Test your knowledge of just about anything with Thinking
Thinking is a fresh brain game that puts every individual mind to a fun test in a number of ways and categories. Not only are there two completely separate tests for kids and adults to level the playing field, but also a regular daily quiz and party mode for up to nine additional people to join in. Each quiz comes with 10 questions with one in every category that challenges everything from your textbook knowledge to pop culture knowledge. Thinking is free for iPhone with in-app purchases and requires at least iOS 7.1.
Thinking cleverly comes with two sectioned off quizzes: one for adults ages 18 and older and another for kids or “juniors” ages seven and older. Don’t worry, the game for adults doesn’t have any explicit questions, it’s just tailored with the expectations that adults know more and should have more challenging questions than kids.
This game isn’t like the majority of brain games that have you pick a topic of your choice and answer questions only in that area. What you see is not only what you get in Thinking, it’s what you must complete. That means no selecting a topic you know everything about and then giving yourself an undeserved ego boost when you score perfectly.
The ten categories are history, music, math, science, sports, newsworthy, arts, TV/film, geography and puzzles – one question each, four answer options per question, ten questions total, no handpicking or tweaking. For me, this is what makes the game more fun. Anything I don’t end up knowing the answer to (and quite a few questions stumped me) is worth looking up to learn. The game doesn’t have a timer so cheating is technically feasible, but less entertaining. The game is called “Thinking,” not “Googling.”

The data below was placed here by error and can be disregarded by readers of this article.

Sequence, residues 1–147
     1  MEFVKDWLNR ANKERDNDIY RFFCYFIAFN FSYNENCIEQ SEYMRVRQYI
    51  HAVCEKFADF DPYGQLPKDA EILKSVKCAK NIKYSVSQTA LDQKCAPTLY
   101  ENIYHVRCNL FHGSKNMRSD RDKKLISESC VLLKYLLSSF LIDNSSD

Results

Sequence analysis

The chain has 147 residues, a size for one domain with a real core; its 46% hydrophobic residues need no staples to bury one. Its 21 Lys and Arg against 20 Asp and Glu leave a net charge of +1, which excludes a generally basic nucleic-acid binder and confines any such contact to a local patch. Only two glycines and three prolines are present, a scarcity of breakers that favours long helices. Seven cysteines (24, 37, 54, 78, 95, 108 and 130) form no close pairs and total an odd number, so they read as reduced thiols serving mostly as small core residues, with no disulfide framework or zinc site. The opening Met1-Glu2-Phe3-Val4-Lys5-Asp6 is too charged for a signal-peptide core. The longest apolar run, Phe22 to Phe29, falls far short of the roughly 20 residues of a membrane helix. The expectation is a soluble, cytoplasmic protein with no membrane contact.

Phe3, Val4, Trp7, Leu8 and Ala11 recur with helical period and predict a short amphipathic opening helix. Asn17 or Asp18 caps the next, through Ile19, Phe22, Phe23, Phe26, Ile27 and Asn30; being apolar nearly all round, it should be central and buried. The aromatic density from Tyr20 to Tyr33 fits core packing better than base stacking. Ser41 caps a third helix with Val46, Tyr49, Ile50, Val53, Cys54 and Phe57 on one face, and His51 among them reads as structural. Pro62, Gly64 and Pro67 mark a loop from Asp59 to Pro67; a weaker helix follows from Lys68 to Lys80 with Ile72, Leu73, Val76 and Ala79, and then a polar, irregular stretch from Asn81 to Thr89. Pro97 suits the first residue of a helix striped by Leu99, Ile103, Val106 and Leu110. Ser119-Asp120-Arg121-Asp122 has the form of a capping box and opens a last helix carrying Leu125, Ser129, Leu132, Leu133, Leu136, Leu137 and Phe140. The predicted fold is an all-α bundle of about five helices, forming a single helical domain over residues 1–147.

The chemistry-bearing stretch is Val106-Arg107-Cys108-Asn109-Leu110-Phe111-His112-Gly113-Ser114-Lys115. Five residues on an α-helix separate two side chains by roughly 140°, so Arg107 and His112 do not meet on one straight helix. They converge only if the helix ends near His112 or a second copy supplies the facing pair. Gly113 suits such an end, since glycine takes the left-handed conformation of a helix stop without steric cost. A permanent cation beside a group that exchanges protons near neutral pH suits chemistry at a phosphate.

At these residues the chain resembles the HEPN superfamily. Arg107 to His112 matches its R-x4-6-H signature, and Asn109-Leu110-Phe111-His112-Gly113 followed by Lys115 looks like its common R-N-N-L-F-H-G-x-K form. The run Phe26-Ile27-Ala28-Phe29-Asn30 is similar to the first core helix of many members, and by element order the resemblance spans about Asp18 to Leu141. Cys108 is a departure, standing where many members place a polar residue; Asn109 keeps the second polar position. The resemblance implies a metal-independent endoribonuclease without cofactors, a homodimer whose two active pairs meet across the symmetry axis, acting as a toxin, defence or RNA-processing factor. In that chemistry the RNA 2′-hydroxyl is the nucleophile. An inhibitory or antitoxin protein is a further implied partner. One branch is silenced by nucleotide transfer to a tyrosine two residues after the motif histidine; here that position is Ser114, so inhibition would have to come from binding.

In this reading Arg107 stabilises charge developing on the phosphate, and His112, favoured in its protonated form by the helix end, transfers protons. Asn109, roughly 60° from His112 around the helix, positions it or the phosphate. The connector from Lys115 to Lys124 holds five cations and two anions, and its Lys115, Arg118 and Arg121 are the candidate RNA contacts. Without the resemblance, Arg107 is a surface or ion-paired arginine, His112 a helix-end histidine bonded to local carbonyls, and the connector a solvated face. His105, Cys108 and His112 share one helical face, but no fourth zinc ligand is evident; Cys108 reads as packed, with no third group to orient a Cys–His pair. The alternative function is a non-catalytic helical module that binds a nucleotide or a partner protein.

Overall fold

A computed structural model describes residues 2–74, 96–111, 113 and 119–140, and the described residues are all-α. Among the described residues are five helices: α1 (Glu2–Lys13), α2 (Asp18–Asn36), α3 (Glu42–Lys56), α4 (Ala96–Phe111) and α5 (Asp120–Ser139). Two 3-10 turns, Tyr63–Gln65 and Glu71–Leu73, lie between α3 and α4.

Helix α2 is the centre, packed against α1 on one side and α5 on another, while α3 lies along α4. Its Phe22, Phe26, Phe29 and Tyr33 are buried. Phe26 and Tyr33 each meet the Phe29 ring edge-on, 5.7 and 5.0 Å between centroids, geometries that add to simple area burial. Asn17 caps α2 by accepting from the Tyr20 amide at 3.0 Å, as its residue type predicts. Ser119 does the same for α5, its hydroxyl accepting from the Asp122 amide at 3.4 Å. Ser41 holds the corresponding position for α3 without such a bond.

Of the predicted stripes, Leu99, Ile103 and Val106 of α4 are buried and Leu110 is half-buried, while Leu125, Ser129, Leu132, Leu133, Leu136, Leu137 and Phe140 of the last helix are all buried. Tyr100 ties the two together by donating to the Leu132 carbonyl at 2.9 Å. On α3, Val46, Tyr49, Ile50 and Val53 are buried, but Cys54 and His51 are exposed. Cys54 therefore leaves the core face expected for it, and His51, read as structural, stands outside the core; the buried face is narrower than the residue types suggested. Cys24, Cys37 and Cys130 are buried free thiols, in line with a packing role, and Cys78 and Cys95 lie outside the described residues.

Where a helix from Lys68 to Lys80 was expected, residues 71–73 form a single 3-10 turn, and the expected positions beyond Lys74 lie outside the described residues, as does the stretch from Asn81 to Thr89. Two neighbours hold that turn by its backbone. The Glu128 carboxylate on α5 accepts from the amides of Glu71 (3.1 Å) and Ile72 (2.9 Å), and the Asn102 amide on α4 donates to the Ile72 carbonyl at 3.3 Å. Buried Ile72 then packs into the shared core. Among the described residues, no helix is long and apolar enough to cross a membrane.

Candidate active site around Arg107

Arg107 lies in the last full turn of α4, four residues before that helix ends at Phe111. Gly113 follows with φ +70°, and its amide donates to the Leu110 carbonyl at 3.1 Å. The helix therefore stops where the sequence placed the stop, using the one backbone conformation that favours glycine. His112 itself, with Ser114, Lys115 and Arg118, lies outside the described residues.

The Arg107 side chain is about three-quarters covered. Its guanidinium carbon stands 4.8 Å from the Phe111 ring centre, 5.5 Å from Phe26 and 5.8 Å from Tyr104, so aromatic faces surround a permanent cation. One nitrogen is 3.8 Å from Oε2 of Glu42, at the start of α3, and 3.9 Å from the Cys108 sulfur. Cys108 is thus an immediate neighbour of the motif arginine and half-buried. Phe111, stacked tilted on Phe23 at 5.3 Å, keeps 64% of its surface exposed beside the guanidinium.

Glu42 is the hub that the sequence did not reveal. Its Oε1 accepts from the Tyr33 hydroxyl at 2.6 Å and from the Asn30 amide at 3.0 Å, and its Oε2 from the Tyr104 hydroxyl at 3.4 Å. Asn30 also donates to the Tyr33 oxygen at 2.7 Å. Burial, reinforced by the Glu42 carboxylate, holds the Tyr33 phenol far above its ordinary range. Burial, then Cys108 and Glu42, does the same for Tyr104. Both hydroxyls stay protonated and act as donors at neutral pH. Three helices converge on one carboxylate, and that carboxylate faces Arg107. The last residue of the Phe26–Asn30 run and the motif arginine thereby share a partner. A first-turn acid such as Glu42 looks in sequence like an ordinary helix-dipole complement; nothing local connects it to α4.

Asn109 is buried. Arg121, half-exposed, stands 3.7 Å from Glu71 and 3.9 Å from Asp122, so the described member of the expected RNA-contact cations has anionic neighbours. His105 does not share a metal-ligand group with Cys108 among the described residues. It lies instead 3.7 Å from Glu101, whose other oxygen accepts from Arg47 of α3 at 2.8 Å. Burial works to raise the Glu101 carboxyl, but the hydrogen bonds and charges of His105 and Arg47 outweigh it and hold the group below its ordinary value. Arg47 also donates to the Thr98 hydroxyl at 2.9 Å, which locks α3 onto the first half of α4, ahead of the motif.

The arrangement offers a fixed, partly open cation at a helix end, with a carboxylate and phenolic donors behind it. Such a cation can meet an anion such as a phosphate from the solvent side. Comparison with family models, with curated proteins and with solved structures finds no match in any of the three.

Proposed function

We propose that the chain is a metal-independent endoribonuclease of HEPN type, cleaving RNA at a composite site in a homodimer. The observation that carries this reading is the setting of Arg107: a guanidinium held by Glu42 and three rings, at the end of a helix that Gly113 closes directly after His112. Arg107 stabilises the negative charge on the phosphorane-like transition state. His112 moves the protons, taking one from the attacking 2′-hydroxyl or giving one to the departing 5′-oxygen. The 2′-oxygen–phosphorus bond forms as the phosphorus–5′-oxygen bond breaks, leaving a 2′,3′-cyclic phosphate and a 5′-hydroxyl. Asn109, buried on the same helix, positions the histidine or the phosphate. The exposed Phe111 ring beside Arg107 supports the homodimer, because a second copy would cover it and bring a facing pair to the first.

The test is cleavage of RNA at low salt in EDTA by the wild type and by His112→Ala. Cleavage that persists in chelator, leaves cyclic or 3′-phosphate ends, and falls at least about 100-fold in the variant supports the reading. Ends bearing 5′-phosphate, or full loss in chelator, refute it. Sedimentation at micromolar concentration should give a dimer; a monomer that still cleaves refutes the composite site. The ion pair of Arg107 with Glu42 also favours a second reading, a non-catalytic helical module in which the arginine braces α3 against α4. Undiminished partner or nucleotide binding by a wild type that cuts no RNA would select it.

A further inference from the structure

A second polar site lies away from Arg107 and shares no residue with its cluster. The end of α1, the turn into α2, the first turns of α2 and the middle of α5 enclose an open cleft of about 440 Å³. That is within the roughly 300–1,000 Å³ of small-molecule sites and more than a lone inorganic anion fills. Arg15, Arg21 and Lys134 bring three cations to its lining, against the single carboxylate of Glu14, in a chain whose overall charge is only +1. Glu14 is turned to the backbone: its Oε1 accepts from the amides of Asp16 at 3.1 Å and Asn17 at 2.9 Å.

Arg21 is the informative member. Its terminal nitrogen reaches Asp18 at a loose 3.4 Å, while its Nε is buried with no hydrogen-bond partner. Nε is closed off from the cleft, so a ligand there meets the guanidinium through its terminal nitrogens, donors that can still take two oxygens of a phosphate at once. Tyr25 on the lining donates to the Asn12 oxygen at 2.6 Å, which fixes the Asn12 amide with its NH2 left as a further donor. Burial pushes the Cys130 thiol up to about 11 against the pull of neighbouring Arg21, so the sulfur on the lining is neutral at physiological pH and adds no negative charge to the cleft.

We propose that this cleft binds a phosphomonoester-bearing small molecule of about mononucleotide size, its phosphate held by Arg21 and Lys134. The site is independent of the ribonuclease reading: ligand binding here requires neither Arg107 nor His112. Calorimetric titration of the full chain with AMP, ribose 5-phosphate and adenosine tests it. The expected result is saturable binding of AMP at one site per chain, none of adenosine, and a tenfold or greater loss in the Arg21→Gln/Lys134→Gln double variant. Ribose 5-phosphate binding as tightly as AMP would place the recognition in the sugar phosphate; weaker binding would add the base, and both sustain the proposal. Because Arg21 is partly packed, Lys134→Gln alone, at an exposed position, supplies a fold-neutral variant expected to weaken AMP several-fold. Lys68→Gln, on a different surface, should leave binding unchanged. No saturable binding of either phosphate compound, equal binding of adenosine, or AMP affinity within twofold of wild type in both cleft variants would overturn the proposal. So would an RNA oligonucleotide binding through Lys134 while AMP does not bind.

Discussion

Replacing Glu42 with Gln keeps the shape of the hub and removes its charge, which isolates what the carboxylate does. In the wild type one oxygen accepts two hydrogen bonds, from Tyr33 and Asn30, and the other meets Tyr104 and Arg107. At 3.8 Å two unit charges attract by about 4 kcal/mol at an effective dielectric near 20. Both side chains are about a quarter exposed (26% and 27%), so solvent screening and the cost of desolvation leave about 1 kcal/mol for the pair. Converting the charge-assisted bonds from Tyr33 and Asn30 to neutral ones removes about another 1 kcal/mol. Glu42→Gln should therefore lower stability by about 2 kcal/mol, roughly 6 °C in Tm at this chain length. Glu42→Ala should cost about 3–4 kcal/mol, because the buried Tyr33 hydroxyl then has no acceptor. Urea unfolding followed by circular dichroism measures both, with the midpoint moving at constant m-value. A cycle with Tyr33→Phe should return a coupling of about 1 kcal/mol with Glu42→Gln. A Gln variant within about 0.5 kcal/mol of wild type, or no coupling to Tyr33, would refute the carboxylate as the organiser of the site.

If you get your party mode on, the game allows up to 10 players to take the quiz. It’s not particularly interactive though. One person answers all 10 questions then passes it to the next player. Compare scores out of 10 when everyone finishes. It’s good enough, I suppose.
Thinking has a brilliant in-app currency called braincells. You start out with just five and every time you play either in single-person mode or party mode, you lose a braincell – a bit ironic, no? Still, what’s great about this currency is that you earn more braincells every day to take more quizzes and additionally, if you score a perfect 10 out of 10 you get awarded bonus braincells. If you don’t want to wait another day to keep playing or just aren’t on your A-game with the questions, the Extras section offers braincells. They come in packs starting at US$0.99 for 50.
Another handy feature is the ability to completely switch player turns outside of party mode for when more than one person shares one iOS device. Add two players to Thinking for three, but each additional one runs you $0.99.
I don’t feel like I’m losing any braincells at all playing Thinking, and I mean that in the literal sense. It’s won me over as a creative, fun game that helps expand horizons without shoving boring facts down your throat. It’s a free app for iPhone in the App Store.